The discovery emphasises the need for organisations to apply the latest Microsoft patch, said Bruce Schneier, chief technology officer of Counterpane Internet Security, which discovered the code.
By submitting your email address, you agree to receive emails regarding relevant topic offers from TechTarget and its partners. You can withdraw your consent at any time. Contact TechTarget at 275 Grove Street, Newton, MA.
The development of a working exploit that targets one of three security flaws in the Microsoft Distributed Component Object Model (DCOM) component of Windows is a crucial step toward the creation of an internet worm or virus that can infect large numbers of vulnerable systems.
Microsoft last week revealed the new DCOM security holes in a bulletin, MS03-039, saying that the holes are very similar to an earlier DCOM vulnerability exploited by the W32.Blaster and W32.Welchia internet worms last month.
Malicious hackers could exploit the latest vulnerability by creating a program to send improperly formatted RPC (Remote Procedure Call) messages to a vulnerable machine.
Those messages could cause a buffer overflow that would enable attackers to place and run their own computer code on the machine, without requiring the machine's owner to open an e-mail attachment or perform any other action, Microsoft said.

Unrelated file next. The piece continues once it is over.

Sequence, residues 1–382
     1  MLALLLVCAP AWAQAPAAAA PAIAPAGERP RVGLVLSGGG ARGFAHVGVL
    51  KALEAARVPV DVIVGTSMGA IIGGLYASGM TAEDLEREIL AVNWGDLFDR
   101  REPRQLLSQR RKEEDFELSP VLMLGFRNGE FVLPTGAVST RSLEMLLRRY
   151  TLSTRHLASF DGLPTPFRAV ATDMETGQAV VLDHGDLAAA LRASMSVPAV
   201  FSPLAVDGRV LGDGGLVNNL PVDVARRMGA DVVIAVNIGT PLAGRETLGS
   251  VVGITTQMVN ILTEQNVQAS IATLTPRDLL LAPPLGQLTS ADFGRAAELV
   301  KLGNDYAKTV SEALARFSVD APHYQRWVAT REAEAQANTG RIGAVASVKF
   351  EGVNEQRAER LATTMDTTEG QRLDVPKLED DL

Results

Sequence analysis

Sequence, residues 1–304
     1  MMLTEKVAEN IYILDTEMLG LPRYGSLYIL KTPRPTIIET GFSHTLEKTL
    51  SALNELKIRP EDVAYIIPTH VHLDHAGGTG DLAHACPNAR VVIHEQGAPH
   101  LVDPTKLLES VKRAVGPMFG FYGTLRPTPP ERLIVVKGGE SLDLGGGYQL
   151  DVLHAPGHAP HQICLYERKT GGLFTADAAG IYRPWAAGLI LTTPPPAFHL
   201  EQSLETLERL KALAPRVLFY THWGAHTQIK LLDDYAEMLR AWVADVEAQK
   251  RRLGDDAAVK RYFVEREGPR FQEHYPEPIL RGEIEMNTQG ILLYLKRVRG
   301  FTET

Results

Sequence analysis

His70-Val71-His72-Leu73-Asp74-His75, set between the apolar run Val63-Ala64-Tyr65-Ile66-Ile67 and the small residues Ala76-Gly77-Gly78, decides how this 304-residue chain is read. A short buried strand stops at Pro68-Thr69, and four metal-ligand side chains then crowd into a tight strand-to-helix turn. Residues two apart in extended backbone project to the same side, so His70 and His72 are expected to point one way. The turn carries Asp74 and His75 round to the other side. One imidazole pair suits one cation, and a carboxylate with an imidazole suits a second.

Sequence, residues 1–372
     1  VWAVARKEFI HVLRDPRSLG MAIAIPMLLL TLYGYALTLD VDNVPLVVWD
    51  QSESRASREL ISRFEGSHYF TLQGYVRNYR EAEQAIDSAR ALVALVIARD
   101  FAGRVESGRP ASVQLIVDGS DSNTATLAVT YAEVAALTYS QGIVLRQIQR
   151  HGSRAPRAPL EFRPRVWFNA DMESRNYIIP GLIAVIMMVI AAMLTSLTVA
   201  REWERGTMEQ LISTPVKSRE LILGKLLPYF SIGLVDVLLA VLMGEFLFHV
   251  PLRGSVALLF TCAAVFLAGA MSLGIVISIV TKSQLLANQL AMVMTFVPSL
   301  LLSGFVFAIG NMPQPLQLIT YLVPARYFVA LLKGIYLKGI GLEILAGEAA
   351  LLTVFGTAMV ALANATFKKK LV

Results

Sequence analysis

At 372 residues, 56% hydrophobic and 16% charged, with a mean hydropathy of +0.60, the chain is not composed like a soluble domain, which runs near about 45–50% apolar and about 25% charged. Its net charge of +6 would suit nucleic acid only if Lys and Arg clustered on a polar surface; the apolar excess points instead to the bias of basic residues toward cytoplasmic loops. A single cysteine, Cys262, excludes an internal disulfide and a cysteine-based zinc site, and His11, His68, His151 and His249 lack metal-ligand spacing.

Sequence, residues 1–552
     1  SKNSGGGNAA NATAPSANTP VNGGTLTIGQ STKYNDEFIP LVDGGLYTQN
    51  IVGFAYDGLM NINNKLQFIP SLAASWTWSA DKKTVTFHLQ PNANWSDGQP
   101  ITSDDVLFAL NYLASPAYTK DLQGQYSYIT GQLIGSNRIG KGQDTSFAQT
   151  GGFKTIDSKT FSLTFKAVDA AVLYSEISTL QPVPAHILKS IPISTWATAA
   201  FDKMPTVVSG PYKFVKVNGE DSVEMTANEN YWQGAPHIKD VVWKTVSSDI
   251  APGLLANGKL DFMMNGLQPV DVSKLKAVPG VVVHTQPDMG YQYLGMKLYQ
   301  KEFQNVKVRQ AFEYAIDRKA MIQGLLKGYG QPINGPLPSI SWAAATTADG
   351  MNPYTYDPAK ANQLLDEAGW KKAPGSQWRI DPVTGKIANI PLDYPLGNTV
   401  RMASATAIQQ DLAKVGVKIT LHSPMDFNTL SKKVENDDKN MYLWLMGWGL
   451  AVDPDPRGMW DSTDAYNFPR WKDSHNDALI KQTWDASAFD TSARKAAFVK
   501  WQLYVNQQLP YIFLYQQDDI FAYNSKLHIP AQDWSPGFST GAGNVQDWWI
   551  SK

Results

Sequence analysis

Counterpane tested the exploit code in its labs and found that the code opens an interface on the vulnerable system which would enable remote attackers to issue commands and take control of the system.
This is the first known exploit of one of the vulnerabilities from the MS03-039 bulletin, Schneier said.
Counterpane researchers found the code on a public website frequented by virus writers but do not believe it has been released to the public yet.
The exploit could easily be used in a worm, or even swapped into the existing Blaster worm in place of the previous DCOM exploit code.
The appearance of exploit code means that companies should rush to patch vulnerable Windows machines while plugging ports targeted by the exploit, such as 135, 139 and 445.
"Last week the news was, 'It's coming, got to get to patching quickly.' Now the news is 'It's here. We've seen it. We have it. You've got to get to (patching) now'," Schneier said.
Because typical corporate firewall defences would stop the exploit, companies should pay particular attention to employees who bring laptops home with them or take them on the road for travel.
Often those users get infected when not connected to the corporate network, then spread the infection to other machines on the network when they return to work.
Paul Roberts writes for IDG News Service